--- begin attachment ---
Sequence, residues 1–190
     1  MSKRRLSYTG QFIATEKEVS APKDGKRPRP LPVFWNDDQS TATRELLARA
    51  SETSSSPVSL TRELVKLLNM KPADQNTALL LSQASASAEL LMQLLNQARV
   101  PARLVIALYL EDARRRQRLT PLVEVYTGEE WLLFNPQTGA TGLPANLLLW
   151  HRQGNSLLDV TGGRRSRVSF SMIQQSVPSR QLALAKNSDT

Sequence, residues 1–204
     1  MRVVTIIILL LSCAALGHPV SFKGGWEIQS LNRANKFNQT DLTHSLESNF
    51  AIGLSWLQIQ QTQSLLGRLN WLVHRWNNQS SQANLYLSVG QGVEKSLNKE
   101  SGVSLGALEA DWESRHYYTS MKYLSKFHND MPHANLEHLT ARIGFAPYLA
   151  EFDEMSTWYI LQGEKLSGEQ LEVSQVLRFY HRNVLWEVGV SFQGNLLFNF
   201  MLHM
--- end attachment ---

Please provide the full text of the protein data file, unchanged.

Sequence, residues 1–190
     1  MSKRRLSYTG QFIATEKEVS APKDGKRPRP LPVFWNDDQS TATRELLARA
    51  SETSSSPVSL TRELVKLLNM KPADQNTALL LSQASASAEL LMQLLNQARV
   101  PARLVIALYL EDARRRQRLT PLVEVYTGEE WLLFNPQTGA TGLPANLLLW
   151  HRQGNSLLDV TGGRRSRVSF SMIQQSVPSR QLALAKNSDT

Sequence, residues 1–204
     1  MRVVTIIILL LSCAALGHPV SFKGGWEIQS LNRANKFNQT DLTHSLESNF
    51  AIGLSWLQIQ QTQSLLGRLN WLVHRWNNQS SQANLYLSVG QGVEKSLNKE
   101  SGVSLGALEA DWESRHYYTS MKYLSKFHND MPHANLEHLT ARIGFAPYLA
   151  EFDEMSTWYI LQGEKLSGEQ LEVSQVLRFY HRNVLWEVGV SFQGNLLFNF
   201  MLHM